A general durable power of attorney or GDPA is a document that allows the person named (Attorney-in-Fact) to deal with accounts in the principal’s name.
The principal is the person who creates the GDPA. It also allows the Attorney-in-Fact (AIF) to act in the principal’s capacity when the principal cannot. For example, the AIF could sue a doctor for malpractice if the doctor injured the principal and the principal is now incapacitated and can’t sue for him or herself.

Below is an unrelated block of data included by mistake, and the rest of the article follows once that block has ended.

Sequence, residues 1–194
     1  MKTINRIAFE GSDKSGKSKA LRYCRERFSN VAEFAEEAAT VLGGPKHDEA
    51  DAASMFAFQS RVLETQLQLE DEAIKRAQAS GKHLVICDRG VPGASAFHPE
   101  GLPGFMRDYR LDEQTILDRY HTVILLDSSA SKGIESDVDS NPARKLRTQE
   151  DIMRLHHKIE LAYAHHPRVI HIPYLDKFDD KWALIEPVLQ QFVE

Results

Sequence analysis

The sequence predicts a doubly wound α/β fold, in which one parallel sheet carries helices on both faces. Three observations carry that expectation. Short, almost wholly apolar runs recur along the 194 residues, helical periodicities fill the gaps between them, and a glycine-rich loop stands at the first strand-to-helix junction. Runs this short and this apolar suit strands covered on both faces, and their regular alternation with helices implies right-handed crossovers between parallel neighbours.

If you create a Living Trust and a GDPA then the Trustee will act over all assets in the trust but the AIF would act over assets that cannot be in the trust (your IRA for example). If you have put your assets into your trust and never become incapacitated, it is possible that your GDPA would never have to be used. It is one of those just-in-case documents that can save a lot of expense (Court) and headaches (Court) and money (Court). Without a GDPA, a representative of your estate would have to file a Conservatorship to deal with the assets not in your trust.